I have heard Jen Turano puts a healthy dose of humor in her books, but that knowledge didn’t prepare me for how lightheartedly entertaining reading Storing up Trouble would be! From quirky characters to tongue-in-cheek dialogue, Storing up Trouble had every type of humor while also touching on the most difficult topic of women’s rights in the early 1900s.
Beatrix Waterbury has been banished from New York City after landing in jail. Twice. Sent to Chicago, she must live with her eccentric Aunt Gladys. A woman whose reputation precedes her like a giant shadow. But if Beatrix thought having to leave New York was her biggest concern, or that being forced to live with Aunt Gladys her heaviest worry, the train ride to Chicago changed all that.
Norman Nesbit is a scientist who is fully committed to his work at the exclusion of all else. But when the train he is traveling on while returning from New York to his home in Chicago is held up and he is forced to escape with a strange spinster lady, his life is thoroughly upended. As if that instance isn’t concerning enough, the way the lady gets under his skin has everyone worrying for his health.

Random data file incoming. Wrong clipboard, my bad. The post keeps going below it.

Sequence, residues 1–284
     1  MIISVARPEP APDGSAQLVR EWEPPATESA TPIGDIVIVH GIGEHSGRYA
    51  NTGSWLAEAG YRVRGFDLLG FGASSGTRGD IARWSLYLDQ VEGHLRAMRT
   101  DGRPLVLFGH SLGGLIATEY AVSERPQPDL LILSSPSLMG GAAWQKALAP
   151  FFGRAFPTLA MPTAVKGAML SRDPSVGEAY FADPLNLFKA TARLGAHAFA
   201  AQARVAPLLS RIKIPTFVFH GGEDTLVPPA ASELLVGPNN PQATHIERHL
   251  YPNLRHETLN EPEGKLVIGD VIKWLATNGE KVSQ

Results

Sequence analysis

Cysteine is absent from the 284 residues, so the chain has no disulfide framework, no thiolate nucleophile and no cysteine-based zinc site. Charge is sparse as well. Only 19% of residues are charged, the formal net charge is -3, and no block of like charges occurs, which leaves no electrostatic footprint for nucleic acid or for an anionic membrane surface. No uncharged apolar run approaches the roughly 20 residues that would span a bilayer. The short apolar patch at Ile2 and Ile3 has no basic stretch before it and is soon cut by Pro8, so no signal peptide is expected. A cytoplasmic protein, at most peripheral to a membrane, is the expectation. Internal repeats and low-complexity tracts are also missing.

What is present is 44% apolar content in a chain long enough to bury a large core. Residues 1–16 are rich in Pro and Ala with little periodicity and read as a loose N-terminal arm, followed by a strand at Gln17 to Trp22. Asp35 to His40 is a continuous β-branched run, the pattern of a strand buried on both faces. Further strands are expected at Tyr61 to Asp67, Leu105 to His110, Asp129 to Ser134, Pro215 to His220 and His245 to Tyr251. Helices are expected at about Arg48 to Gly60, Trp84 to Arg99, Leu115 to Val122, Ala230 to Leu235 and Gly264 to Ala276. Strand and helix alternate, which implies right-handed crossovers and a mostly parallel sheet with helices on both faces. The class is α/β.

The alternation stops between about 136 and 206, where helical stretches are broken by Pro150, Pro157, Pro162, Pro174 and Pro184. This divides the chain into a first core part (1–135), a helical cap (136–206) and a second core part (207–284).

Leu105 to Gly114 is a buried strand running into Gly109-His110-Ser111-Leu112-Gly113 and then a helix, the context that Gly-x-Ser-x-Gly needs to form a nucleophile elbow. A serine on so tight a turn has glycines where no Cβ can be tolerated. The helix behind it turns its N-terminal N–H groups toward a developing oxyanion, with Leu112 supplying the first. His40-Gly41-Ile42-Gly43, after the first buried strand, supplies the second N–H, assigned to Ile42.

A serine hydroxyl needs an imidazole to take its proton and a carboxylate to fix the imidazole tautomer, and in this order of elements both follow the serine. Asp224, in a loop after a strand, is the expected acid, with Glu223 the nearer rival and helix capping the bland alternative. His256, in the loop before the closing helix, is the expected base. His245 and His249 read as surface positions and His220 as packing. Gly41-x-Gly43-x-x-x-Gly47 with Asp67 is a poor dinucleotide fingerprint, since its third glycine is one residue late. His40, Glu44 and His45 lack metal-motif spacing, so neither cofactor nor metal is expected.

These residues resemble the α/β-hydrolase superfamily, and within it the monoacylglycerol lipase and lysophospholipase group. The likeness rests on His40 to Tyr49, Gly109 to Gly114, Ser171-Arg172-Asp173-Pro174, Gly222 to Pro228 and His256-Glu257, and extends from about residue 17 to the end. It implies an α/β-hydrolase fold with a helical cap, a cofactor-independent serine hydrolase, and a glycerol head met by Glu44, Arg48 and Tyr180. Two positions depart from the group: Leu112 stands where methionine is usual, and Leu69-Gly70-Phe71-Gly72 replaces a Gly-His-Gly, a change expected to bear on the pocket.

The whole story had me half-smiling as I read. Storing up Trouble is the perfect read for a rainy day that needs some sunshine or a breezy afternoon curled up with a good book. It’s lighthearted, fun, and romantic. While delivering a powerful punch regarding the dire straights of working women at the turn of last century.
Storing up Trouble is the third book in the American Heiresses series. It stands alone so that you do not need to read the other books first, however, after enjoying book three, I’m much inclined to check out books one and two. I hope you’ll enjoy them, too!
I received this book free from NetGalley and Bethany House Publishers in order to provide an honest review. I was not required to write a positive review. The opinions I have expressed are my own. I am disclosing this in accordance with the Federal Trade Commission’s 16 CFR, Part 255: “Guides Concerning the Use of Endorsements and Testimonials in Advertising.”